That’s where we’ve come to and I talk about it more than occasionally around here: The relentless drive for mediocrity and acceptance of same. Greatness is just an illusion, after all–or else a cheat.  It must be, because nobody’s ever really better than everybody else at anything, ever.

Having failed the fairness test everywhere it counts, in economics, politics, culture, we’ve decided to impose artificial “fairness” on whatever’s left and to question the validity of anyone who defies the formula. Everywhere but “fringe” sports, the endless celebration of conformity and coloring within the lines is universal.

UConn just lost three All-Americans. Their run of good old fashioned excellence-beyond-measure will, like all such runs, end soon enough.

It’s fine to keep rooting for David.

But we should never forget to celebrate true greatness while we can.

THE OLD, NORMAL AMERICA (Jimmy Evert, R.I.P.)

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When Jimmy Evert’s sixteen-year-old daughter turned up at the U.S. Open in 1971, she was all of five feet tall and maybe weighed a hundred pounds. Whatever her prodigious gifts, her string of stirring, come-from-behind victories there (ended in the semi-finals by Billie Jean King) were so obviously a product of extraordinary training that the “well she’s not a great athlete…but-t-t-t” canard which attached to her immediately, even as she put her supremely athletic sport on the front pages of the nation’s newspapers for the first time, has lasted to this day.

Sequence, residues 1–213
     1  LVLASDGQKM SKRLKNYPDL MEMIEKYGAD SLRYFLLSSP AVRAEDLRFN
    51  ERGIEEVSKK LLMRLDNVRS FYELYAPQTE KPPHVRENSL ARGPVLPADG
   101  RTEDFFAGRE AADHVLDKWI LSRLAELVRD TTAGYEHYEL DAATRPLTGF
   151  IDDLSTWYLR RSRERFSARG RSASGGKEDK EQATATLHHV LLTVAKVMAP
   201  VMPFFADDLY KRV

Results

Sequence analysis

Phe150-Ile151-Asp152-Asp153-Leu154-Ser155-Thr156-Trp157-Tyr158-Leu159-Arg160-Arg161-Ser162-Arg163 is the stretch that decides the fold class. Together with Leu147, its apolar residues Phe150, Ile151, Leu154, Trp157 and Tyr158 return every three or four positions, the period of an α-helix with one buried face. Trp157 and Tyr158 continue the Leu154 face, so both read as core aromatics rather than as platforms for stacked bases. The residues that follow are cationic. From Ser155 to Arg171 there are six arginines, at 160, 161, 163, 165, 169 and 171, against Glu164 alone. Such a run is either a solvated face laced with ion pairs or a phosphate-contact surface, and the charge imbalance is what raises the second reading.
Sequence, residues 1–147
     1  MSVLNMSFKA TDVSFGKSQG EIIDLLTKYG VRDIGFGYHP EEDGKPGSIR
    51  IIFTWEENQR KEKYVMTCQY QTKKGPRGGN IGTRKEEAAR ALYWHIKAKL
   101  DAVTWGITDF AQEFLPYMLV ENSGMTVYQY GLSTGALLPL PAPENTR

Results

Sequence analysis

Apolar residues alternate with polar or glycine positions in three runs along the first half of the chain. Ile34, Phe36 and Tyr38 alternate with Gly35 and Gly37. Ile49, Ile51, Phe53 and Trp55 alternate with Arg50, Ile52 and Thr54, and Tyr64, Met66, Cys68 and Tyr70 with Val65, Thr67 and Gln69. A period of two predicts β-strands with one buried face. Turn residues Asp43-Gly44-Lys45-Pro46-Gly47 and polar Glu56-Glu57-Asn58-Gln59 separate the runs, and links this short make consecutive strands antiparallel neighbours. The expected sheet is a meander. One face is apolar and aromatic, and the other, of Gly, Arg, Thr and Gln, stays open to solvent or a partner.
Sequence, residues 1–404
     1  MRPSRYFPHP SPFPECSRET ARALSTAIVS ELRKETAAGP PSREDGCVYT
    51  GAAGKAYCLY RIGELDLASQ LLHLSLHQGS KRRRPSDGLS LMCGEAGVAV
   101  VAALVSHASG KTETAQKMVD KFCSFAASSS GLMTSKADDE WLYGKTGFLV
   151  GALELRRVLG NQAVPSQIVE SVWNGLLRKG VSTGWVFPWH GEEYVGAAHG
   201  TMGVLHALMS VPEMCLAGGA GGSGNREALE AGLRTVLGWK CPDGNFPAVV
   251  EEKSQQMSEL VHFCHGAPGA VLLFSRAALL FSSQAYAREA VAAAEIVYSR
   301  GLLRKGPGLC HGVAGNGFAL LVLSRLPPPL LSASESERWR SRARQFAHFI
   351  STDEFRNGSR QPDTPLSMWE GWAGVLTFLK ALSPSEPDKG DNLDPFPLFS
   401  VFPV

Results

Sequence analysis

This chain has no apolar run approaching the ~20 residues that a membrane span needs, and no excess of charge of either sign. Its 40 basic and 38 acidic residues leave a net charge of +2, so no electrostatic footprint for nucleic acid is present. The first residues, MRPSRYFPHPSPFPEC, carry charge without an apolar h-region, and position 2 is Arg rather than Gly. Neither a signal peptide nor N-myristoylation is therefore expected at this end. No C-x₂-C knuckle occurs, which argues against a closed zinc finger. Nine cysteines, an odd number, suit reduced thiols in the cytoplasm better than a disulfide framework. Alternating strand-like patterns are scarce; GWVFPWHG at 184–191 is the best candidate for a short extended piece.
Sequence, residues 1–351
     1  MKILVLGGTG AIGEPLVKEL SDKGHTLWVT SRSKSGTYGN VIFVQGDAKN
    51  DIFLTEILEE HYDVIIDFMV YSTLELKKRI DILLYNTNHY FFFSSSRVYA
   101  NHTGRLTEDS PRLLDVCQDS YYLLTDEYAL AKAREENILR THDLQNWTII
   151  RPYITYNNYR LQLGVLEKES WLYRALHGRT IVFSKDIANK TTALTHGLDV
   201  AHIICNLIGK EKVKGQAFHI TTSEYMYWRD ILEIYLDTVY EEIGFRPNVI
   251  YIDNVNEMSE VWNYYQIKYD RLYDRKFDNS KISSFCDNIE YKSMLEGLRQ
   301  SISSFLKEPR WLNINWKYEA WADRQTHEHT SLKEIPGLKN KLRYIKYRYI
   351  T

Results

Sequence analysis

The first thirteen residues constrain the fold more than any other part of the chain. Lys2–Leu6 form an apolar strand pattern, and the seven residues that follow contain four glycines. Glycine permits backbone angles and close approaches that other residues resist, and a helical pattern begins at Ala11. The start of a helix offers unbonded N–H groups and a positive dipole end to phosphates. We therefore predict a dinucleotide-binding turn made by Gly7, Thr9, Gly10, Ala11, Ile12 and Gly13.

That training was provided by her father who, as a result of her success, became one of the most famous and respected coaches in tennis history. Product of an older world that he was, he kept his day job because, well, he liked it and he was good at it.

His day job was tennis coach.

His famous daughter has always insisted he didn’t train her for fame or fortune but simply because he wanted to pass on his love of the game and the life lessons inherent therein. That’s easy to believe because when she took to the tennis courts some time around 1959 there was no professional women’s tour either in existence or in the works. The result was nonetheless revolutionary.

Some of that result–the revolutionary part, not the tennis part–was serendipitous timing, of course.

It might not have happened had she come along a generation later, by which time women’s tennis would have almost certainly been safely and permanently shuffled into the slot where much of the world’s sporting establishment would prefer it to reside–somewhere next to the LPGA, WNBA and every other women’s sports’ league which has failed to “break out” in the four decades since.

It certainly would not have happened had she come along a generation sooner, for reasons that are all too obvious.

That it did happen, though, was testimony not merely to timing, but to Chris Evert’s unique combination of marketing appeal and genuine greatness at playing her sport. If you think this can be manufactured on demand, you can check the careers of Michelle Wie (markets well, doesn’t win enough) or Danica Patrick (ditto) or Diana Taurasi (wins like crazy, can’t sell her for beans) for a reminder of just how hard it is to actually be “the one” as opposed to being merely anointed.

Jimmy Evert’s daughter was “the one”–the one who mainstreamed women’s sports in the western world–because she was a great tennis champion. And because she was her father’s daughter.

If her extraordinary gifts and unmatchable will were the biggest components, her father’s training, on, and, perhaps even more crucially, off the court, was still a necessary ingredient. For Middle America to receive a non-Olympic female athlete as someone to not only admire and emulate but, finally, accept to such a degree that the acceptance could be transmuted to future generations, she had to achieve and sustain an almost impossible balance between this…